On Thursday, the company announced earnings declined from a year ago. But its earnings presentation was a little different this year, with a giant section finally painting the bank’s fraudulent account openings in great detail. The fallout from the cross-selling scandal that stemmed from its draconian sales goals that led to 5,300 lower-level employees being fired echoed through the presentation’s slides, but perhaps nowhere worse than in the number of account openings.
The news broke on September 8th, as the bank settled with the Consumer Financial Protection Bureau for a $100 million fine, the largest in its brief history. The bank also settled with the City of Los Angeles and the Office of the Controller of the Currency for another $85 million. The news percolated up in the news cycle until September 20th, when it reached the front page after a Pacino-esque grilling from Massachusetts Senator Elizabeth Warren that went viral and got the public truly angry in the following days.
Even though Wells Fargo’s worst days in terms of PR cleanup came in the final 10 days in September, two numbers indicate just how horrible consumers saw the 565,000 credit cards without permission.
Compared to August, consumers decided to apply for 30% fewer credit cards. And compared to last September, 25% fewer. For a financial industry that usually talks in “bips,”—increments of 0.01%—this is a massive number.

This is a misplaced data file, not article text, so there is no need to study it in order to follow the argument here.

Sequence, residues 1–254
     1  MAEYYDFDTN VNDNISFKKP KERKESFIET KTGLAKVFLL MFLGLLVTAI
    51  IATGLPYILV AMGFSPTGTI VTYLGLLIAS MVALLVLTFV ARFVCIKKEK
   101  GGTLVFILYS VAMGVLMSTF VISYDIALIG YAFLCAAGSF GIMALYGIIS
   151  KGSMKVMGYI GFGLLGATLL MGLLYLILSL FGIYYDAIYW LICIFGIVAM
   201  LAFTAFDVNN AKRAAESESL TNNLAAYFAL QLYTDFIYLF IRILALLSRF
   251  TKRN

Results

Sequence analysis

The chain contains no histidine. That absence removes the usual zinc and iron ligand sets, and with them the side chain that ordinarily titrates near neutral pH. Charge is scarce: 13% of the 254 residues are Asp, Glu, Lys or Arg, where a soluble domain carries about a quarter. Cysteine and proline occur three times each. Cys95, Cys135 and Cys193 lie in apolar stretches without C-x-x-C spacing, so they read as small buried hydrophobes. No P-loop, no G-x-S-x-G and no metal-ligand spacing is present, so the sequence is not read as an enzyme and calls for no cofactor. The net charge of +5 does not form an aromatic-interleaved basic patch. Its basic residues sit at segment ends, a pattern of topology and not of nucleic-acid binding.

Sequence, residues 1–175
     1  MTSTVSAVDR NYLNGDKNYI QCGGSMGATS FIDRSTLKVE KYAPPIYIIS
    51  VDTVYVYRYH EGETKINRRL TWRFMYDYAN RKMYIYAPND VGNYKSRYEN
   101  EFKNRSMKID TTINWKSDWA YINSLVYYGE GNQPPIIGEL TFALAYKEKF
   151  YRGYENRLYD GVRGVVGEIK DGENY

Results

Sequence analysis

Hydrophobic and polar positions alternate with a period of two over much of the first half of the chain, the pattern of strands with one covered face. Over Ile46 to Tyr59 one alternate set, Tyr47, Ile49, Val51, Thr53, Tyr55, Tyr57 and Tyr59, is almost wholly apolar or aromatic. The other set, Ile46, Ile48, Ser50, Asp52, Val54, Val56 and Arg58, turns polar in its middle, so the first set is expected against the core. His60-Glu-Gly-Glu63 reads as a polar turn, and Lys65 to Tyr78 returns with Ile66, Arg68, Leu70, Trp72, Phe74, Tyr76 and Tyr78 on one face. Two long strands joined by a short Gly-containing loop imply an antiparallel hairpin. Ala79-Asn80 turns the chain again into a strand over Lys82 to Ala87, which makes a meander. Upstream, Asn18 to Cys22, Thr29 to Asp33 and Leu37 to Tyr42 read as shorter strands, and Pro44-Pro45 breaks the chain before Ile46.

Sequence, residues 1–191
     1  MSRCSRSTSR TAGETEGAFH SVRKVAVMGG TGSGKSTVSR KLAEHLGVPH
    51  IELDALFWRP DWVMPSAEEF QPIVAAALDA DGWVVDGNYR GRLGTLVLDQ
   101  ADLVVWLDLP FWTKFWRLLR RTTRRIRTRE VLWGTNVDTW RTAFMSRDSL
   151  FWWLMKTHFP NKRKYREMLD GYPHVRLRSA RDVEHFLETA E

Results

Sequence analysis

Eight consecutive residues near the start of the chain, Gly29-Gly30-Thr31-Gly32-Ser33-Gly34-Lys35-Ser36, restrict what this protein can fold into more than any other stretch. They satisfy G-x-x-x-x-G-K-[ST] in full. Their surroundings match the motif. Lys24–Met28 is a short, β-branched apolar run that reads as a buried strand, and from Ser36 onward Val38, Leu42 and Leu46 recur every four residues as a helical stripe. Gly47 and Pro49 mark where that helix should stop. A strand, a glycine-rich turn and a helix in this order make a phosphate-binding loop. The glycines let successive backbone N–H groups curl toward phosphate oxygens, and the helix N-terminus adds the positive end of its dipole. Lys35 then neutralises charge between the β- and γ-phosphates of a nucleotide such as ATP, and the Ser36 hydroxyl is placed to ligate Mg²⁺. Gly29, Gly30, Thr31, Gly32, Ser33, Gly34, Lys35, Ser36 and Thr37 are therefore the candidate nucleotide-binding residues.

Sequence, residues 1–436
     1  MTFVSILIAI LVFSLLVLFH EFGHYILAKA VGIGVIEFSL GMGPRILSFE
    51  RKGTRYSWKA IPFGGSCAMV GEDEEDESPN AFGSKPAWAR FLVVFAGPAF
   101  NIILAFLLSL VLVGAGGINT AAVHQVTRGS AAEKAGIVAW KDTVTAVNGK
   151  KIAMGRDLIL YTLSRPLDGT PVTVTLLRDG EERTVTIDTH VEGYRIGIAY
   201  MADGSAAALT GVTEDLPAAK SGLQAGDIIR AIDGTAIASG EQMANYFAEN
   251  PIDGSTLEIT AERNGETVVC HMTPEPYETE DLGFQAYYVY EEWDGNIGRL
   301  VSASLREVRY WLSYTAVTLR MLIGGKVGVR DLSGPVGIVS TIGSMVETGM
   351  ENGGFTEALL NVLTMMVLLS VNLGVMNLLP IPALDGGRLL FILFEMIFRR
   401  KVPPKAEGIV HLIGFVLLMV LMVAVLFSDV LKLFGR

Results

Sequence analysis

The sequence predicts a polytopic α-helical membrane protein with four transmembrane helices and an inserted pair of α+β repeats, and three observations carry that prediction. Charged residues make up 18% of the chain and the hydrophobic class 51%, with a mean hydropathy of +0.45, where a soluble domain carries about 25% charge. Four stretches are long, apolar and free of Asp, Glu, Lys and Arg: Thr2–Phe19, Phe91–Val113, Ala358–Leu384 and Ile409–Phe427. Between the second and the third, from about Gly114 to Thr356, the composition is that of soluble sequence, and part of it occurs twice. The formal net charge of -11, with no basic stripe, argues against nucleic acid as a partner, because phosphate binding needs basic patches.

For the other aspect of the scandal, the deposit side, the numbers paint an equally grim picture of consumer sentiment.
Consumer checking account openings, which like credit cards, had enjoyed a good run in the black, took enormous stumbles as well. Year-over-year, the bank saw 25% fewer checking accounts opened and a whopping 30% fewer in comparison to August.
These numbers are only the beginning. Considering that much of the public hadn’t paid particularly close attention until the viral videos of CEO John Stumpf’s grilling by the Senate Banking Committee—and then the House Financial Services Committee. The public won’t see really the extent of the damage until the Q4 call happens on January 13th.
Ethan Wolff-Mann is a writer at Yahoo Finance focusing on consumerism, tech, and personal finance. Follow him on Twitter @ewolffmann.